On the mass-ratio distribution of spectroscopic binaries

Dorit Goldberg*, Tsevi Mazeh, David W. Latham

*Corresponding author for this work

Research output: Contribution to journalArticlepeer-review


In this paper we derive the mass-ratio and secondary-mass distributions of a large, well-defined, complete sample of 129 spectroscopic binaries with periods between 1 and 2500 days. The binaries, whose orbits were published recently, were detected by a systematic radial-velocity survey of a sample of more than 1400 large proper motion stars. Three features stand out in the mass-ratio distribution: a rise as the mass ratio goes down to q ∼ 0.2, a sharp drop below q ∼ 0.2, and a smaller peak at q ∼ 0.8. Another way to characterize the results is to state that the distribution includes two "populations," one with a high asymmetric peak at q ∼ 0.2 and another with a smaller peak at q ∼ 0.8, while the minimum between the two populations is centered at q ∼ 0.55. The size of the binary sample allows us to divide it into two subsamples and look for differences in the mass-ratio distributions of the two subsamples. We performed two different divisions: one into Galactic halo versus disk populations, and the other into high- and low-mass primary stars (above and below 0.67 M). The former division yields differences with moderate statistical significance of 88%, while the latter is more significant at a level of 97%. Our analysis suggests that the rise toward low mass ratios does not appear in the mass-ratio distribution of the halo binaries. The other separation shows a broad peak at mass ratio of q ∼ 0.8-1 for the subsample of binaries with low-mass primaries but no corresponding peak in the subsample with high-mass primaries. We discuss our findings and their application to theories of binary formation.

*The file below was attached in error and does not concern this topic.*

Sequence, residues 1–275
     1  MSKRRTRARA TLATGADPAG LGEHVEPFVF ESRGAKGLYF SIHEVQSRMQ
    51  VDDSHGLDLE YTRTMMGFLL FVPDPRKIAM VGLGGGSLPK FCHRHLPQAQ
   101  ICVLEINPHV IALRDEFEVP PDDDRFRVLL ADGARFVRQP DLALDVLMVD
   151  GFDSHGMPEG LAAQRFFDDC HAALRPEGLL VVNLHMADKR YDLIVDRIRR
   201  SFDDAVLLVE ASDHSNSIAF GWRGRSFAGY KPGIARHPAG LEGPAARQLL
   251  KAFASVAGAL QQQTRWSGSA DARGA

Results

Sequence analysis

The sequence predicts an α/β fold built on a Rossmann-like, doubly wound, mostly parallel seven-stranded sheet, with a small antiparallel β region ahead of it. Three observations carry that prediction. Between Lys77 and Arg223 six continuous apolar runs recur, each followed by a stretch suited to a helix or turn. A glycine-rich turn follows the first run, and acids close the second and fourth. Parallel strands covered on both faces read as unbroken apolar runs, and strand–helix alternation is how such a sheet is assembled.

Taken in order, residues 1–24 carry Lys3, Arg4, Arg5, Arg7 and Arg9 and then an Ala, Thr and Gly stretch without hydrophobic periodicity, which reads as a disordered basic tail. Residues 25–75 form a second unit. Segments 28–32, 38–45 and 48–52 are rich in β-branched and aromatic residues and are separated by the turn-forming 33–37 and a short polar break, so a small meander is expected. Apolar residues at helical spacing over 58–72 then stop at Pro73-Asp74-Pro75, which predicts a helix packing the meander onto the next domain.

Original languageEnglish
Pages (from-to)397-405
Number of pages9
JournalAstrophysical Journal
Issue number1 I
StatePublished - 1 Jul 2003


  • Binaries: spectroscopic
  • Galaxy: halo
  • Methods: statistical
  • Stars: formation
  • Stars: fundamental parameters


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